Job well done
A member of the police high command has welcomed the tributes being showered on the security forces for a largely incident-free election day, and had high praises for what he described as the mature way Jamaicans went out and cast their ballots.
For Deputy Commissioner Clifford Blake, the accolades for both the police and the Jamaica Defence Force (JDF), especially from the two main political parties, are well deserved.
Blake, who has responsibility for the Jamaica Constabulary Force's (JCF) operations portfolio, said the order experienced by the more than 868,000 persons who turned out to cast their ballots was the culmination of careful planning between the police, the JDF and other stakeholders.
"I think we had a very good [election] day. It shows what can be achieved when you plan carefully as well as when you plan and execute together as a team," he said.
While acknowledging that there were reports of minor skirmishes including voter intimidation, Blake revealed that the police had no major incidents to deal with.
Without singling out the security forces, Director of Elections Orrette Fisher indicated that he was pleased with the way the election was conducted.
"We worked with the security forces, political party representatives, observers and other stakeholders to address, in a swift manner, reports of incidents which arose. But in general we can say the proceedings went smoothly," Fisher said late yesterday.
Prime Minister-designate Andrew Holness, during his acceptance speech on Thursday after it became clear that his JLP had defeated the People's National Party (PNP), praised members of the security forces for their conduct on election day.
PNP president Portia Simpson Miller also had high praises for the men and women of the JDF and the JCF and security forces during her concession speech at the party's St Andrew headquarters and urged PNP supporters to "big dem up."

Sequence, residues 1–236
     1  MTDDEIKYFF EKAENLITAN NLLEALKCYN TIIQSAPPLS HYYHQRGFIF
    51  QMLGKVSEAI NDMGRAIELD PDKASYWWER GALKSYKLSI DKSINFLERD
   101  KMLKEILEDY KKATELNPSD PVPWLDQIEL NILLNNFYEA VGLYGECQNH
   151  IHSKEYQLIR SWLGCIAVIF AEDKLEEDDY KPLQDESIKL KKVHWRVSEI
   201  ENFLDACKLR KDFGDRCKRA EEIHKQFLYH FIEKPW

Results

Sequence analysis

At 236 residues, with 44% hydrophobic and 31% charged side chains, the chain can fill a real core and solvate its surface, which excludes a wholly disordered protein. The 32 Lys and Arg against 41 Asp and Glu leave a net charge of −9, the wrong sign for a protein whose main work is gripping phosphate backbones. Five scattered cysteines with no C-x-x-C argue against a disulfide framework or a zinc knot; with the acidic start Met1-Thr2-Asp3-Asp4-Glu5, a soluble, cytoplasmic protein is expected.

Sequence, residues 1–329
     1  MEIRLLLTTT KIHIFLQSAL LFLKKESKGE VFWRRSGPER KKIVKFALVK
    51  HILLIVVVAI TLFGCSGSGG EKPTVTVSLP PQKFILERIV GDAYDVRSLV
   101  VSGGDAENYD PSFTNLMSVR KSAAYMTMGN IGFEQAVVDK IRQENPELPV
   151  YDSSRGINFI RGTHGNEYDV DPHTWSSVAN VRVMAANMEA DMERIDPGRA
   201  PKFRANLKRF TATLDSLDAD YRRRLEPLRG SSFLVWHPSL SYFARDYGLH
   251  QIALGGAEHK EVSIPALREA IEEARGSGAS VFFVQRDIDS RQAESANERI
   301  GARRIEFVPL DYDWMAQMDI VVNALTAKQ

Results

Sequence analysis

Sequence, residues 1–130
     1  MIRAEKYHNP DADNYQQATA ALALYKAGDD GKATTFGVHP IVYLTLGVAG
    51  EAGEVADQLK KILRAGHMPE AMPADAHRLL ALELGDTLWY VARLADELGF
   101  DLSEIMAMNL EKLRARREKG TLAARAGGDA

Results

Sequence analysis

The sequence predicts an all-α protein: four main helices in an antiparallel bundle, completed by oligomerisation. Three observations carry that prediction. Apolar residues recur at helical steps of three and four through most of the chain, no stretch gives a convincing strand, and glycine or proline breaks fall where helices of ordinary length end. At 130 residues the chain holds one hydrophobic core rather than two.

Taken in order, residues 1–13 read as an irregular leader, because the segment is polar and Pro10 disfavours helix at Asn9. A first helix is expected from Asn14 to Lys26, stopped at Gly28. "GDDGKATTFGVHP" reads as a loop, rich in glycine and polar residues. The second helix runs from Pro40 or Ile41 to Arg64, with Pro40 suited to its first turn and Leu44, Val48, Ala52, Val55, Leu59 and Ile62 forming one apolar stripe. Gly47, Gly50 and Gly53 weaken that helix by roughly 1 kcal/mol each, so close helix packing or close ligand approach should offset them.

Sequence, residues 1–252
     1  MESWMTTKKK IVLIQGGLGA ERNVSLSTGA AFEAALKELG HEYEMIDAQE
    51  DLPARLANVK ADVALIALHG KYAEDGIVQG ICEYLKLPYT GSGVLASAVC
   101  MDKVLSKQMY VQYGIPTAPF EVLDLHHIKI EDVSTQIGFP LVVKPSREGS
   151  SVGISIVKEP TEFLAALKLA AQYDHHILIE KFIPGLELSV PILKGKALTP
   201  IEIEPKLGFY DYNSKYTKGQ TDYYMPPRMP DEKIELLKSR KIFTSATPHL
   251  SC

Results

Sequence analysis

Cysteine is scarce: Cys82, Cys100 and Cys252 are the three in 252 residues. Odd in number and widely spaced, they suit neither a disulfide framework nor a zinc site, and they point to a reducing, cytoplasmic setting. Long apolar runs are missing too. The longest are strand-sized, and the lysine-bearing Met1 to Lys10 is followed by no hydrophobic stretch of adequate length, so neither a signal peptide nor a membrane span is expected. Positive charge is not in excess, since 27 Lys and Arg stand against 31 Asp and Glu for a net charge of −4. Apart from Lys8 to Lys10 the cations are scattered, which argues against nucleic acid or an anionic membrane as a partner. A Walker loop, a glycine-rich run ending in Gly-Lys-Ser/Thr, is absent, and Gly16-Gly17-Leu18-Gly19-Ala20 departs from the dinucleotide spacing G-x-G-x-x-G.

JDF Civil-Military Cooperation Officer Major Basil Jarrett said it was good that the work and worth of the security forces are being recognised "because a lot of the time the work that we do goes unrecognised or unappreciated."
"We've made a lot about the fact that elections are now free and fair and safe, but a lot of time people don't stop and think about the hard work that goes on behind the scenes to make elections free and fair," Jarrett asserted.
"So you come, you vote and you go home... you see the soldiers who are lining the perimeter walls of the polling stations, but what you don't see is the planning and preparations going on in the background to make that happen," he added.
Informed of the commendations from the two main political parties, DCP Blake was philosophical.
"In life, whenever there is good performance it is usually recognised and praised and if the performance is not good then it is usually criticised. We came out good this time and we are deserving of the recognition," he told The Gleaner.
But while basking in the recognition, Blake said members of the public should also be commended for the way they conducted themselves on election day.
"It was their mature conduct and behaviour that contributed to the peace we witnessed yesterday [Thursday]" he underscored.